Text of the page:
At Shavuot on Mount Zion, God poured out the gift of His Spirit of holiness. We now wait for the full and final harvest in the last days with longing and great anticipation, as Paul wrote, “We know that the whole creation has been groaning in labor pains until now; and not only the creation, but we ourselves, who have the first fruits of the Spirit, groan inwardly while we wait for…the redemption of our bodies” (Romans 8:22-23).


The Shabbat, 23rd May this year, before Shavuot (29th May) is called Shabbat Kallah – the Sabbath of the Bride, which is comparable to the Sabbath celebrated by a Jewish bride prior to her wedding. On Erev Shavuot, the Eve of Shavuot, it is customary for an observant Jew to go to the mikveh (ritual bath) as a means of purification and preparation, as a bride and bridegroom do on the eve of their wedding and as the Israelites prepared themselves at Sinai.

It is with this same sense of eager anticipation, albeit that our joy can be touched with some trepidation, that we count the final days of the Omer and arrive at the threshold of Shavuot. Our preparation will determine whether we will be ready to approach the mount and enter the ‘fiery cloud’ of His Presence and hear the voice of God that has special words to speak to each of His children. We need not fear, however, for they are words of love as a bridegroom would whisper to his beloved bride. A very concrete example of this is enacted in Sephardic services on Shavuot. When the Ark is opened and before the Torah scroll is removed, a ketubah like document is read before the congregation. Some examples of which are as follows:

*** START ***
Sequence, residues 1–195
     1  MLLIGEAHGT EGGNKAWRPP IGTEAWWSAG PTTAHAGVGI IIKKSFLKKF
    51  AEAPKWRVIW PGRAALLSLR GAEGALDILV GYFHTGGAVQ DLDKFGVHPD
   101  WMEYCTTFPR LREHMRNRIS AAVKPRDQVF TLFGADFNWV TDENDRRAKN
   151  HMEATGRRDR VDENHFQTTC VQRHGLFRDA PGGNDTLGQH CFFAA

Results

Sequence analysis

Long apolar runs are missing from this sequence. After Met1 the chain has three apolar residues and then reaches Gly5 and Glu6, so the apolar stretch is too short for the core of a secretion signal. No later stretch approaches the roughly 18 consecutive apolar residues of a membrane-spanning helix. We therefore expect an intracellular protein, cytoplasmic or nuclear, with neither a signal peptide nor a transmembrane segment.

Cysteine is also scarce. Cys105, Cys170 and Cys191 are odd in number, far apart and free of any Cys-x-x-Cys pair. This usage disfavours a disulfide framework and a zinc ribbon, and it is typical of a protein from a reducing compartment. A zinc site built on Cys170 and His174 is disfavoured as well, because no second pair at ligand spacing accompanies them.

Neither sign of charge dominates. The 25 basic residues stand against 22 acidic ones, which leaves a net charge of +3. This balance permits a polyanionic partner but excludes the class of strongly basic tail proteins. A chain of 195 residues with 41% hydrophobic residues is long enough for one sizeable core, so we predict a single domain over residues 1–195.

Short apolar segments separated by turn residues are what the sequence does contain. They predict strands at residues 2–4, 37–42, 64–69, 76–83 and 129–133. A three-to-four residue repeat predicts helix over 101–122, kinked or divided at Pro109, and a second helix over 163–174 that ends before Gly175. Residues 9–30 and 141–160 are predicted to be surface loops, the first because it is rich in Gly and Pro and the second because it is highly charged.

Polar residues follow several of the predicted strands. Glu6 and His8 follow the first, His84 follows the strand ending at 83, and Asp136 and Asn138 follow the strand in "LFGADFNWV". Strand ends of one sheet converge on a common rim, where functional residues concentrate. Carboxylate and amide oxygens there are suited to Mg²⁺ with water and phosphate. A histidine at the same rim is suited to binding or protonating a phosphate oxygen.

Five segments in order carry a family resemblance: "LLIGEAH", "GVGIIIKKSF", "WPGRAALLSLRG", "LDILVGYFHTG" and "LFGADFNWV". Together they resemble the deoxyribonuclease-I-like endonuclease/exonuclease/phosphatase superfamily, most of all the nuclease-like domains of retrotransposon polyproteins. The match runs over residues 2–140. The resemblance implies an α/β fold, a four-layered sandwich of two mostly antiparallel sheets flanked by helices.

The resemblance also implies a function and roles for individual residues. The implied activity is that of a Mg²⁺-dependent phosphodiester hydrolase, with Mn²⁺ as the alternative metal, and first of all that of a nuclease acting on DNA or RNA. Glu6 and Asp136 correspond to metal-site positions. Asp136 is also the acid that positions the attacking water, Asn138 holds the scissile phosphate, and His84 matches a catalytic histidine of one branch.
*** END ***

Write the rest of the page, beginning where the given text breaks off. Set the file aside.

The Bridegroom [YHVH], Ruler of rulers, Prince of princes…Whose mouth is pleasing and all of Whom is delightful, said unto the pious, lovely and virtuous maiden [the people of Israel], who is beautiful as the moon, radiant as the sun, awesome as bannered hosts… Be thou My mate according to the law of Moses and Israel, and I will honor, support and maintain thee and be thy shelter and refuge in everlasting mercy…

The bride consented and became His spouse. Thus an eternal covenant, binding them forever, was established between them…. The dowry that this bride brought consists of an understanding heart that understands, ears that hearken, and eyes that see….Thus, the sum total of the contract and dowry…amounts to the following: “Revere YHVH and observe His commandments; this applied to all mankind” (Ecclesiastes 12:13).

I invoke heaven and earth as reliable witnesses. May the Bridegroom rejoice with the bride whom He has taken as His portion and may the bride rejoice with her Husband
…while uttering words of praise. [1]

A chuppah – wedding canopy

When describing the Kingdom of God, in chapter 25 of the gospel of Matthew, Yeshua shares a parable that describes the return of the eagerly awaited bridegroom for the wedding feast. In the gospel narrative it is clear that he, Messiah, is the Bridegroom. John the Baptizer confirms this when he describes himself in the role of a friend of the bridegroom:

He who has the bride is the bridegroom. The friend of the bridegroom,
who stands and hears him, rejoices greatly at the bridegroom’s voice.
For this reason my joy has been fulfilled (John 3:29).

In the parable, at a time unexpected, the bridegroom arrives. “At midnight there was a shout, ‘Look! Here is the bridegroom! Come out to meet him.’” Some were prepared, others were not. As we anticipate the arrival of our beloved Bridegroom and friend, let us be prepared, be alert, be looking out and listening for the proclamation of His voice, “Come my beloved bride, the Feast is ready!” Our longing will be consummated and our joy truly will be fulfilled.

He brought me to the banqueting house, and His banner over me was love.”
(Song of Songs 2:4)

~ Keren Hannah Pryor


* Picture: Shavuot,  Baruch Nachshon, Israel

1. Michael Strassfield, The Jewish Holidays, A Guide & Commentary, Harper & Row, NY, 1985, 75.